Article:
VITAMINS• “Vita” comes from the Latin word “Life”- “accessory growth factors”• Vitamins are mainly obtained from our foods, but there are some special cases.
FUNCTIONS OF VITAMINS• It is part of important processes throughout the body - help release energy from food - help keep skin and nerves healthy - help make red blood cells• They mainly serve as catalysts for certain reactions in the body.
GENERAL PROPERTIES Fat Soluble Vitamins Water Soluble VitaminsSoluble in fat and fat solvents Soluble in waterSmall amount excreted in the bile Excreted in the urineNot absolutely needed in the Must be supplied in the daily diet daily dietDeficiency symptoms are slowly Deficiency symptoms often to develop develop rapidlyHave precursors or provitamins. Generally do not have precursors
Fat Soluble Vitamins Water Soluble VitaminsContain the elements carbon, Contain theand hydrogen, and oxygen elements carbon, hydrogen, oxygen, nitrogen in some casesSome are toxic at relatively Co or only at Toxic Sulfurlow megadose levelslevels (6-10 times the RDA) (more than 10 timesExcess stored in the body Minimal storage of the RDA) dietary excessesAbsorbed into the lymphatic Absorbed into the bloodsystem than portal veinNeeded only by complex Needed by simple andorganisms complex organisms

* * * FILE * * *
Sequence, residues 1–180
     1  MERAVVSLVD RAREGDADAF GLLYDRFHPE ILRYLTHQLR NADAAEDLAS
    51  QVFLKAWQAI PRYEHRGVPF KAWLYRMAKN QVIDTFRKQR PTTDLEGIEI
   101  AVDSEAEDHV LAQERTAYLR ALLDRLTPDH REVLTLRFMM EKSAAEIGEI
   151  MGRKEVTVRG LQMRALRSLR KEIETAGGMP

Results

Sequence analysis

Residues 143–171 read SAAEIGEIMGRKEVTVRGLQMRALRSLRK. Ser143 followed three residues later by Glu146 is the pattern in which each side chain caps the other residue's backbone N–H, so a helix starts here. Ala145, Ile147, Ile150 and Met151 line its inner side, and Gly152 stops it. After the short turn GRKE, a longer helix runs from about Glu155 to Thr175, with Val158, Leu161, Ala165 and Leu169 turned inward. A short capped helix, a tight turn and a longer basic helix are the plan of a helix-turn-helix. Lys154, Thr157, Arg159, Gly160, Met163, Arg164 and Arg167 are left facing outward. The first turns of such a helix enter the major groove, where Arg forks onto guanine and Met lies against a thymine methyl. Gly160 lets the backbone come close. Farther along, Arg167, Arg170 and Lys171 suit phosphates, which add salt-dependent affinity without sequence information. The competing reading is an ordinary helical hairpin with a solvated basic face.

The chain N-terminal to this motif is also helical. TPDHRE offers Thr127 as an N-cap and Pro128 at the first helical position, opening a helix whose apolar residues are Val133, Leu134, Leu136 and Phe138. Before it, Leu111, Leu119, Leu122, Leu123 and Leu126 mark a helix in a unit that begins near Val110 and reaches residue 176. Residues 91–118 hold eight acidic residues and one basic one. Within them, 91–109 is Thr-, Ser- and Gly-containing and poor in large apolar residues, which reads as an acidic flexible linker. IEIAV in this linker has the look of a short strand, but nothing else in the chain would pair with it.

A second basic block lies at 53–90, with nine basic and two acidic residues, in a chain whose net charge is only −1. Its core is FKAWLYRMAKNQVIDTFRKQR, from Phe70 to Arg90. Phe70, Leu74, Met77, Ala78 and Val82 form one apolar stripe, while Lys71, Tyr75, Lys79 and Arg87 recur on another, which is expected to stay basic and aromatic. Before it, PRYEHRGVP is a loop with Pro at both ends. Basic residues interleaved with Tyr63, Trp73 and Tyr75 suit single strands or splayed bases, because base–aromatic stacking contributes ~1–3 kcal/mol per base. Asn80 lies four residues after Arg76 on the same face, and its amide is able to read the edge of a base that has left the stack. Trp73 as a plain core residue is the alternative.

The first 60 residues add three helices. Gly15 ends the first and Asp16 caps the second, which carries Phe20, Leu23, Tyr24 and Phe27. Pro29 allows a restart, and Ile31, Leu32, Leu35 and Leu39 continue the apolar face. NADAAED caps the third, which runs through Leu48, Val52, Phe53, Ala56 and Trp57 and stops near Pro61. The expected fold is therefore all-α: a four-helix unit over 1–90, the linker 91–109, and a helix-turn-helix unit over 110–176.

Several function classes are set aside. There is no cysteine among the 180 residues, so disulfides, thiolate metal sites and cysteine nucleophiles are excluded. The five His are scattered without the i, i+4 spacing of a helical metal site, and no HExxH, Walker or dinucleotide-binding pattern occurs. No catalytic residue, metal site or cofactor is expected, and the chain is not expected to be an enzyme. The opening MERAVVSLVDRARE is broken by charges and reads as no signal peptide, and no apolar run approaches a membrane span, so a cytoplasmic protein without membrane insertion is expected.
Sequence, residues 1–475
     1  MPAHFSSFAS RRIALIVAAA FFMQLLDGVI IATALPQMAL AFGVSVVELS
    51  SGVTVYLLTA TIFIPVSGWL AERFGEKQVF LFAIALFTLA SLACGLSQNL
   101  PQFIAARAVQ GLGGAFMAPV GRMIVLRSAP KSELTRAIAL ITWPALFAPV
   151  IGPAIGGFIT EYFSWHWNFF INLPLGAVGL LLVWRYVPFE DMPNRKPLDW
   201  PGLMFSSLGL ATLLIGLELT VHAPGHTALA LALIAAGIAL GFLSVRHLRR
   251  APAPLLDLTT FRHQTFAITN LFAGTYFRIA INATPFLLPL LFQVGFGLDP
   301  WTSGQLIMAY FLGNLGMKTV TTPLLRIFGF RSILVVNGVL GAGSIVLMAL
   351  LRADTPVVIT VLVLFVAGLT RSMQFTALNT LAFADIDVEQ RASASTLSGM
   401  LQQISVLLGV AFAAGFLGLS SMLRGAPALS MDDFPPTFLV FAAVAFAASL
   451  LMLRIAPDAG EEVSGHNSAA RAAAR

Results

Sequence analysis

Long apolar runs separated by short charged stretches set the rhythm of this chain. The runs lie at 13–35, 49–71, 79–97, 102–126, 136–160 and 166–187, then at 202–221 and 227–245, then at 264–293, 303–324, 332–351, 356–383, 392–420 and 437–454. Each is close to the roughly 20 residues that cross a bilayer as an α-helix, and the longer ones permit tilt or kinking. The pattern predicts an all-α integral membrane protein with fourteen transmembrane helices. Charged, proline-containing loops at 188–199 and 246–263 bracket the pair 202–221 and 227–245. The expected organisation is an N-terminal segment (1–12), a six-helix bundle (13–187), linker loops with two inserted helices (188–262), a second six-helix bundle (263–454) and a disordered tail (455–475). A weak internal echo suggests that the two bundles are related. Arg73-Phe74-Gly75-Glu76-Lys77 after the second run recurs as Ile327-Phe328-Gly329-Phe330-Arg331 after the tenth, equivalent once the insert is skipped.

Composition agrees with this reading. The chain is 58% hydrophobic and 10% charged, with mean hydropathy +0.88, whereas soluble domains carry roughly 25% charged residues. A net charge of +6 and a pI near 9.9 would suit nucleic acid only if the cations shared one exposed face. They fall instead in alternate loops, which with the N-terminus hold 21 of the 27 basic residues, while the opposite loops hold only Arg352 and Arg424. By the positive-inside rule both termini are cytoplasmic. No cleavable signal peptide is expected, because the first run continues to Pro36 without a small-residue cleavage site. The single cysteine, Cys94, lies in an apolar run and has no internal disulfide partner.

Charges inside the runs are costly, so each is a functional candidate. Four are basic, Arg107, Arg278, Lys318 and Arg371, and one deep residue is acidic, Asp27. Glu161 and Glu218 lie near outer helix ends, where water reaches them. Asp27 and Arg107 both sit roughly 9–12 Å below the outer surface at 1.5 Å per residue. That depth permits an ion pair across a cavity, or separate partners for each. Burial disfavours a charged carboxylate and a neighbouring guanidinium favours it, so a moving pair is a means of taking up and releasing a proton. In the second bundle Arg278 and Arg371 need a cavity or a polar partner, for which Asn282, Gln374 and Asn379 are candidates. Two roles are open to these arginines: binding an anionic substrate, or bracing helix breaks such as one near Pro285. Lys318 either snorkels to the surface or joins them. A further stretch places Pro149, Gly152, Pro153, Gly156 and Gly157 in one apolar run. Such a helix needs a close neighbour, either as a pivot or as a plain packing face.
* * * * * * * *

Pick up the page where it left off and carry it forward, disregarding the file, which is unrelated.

• TOXICITY: - Hypervitaminosis A ~effects: birth defects, liver abnormalities, reduced bone mineral density that may result in osteoporosis, and central nervous system disorders. - Symptoms of overdose: (hydrocephalus), vomiting, tiredness, constipation, bone pain, and severe headaches. The skin may acquire a rough and dry appearance, with hair loss and brittle nails.• DEFICIENCY: – Night blindness – Keratomalacia – very dry, rough skin – decreased resistance to infections – faulty tooth development – slower bone growth• ABSORPTION: - absorbed into the intestine, and absorption remains high with increased intake - Vitamin A, which is fat-soluble, requires fat, as well as minerals, to be properly absorbed.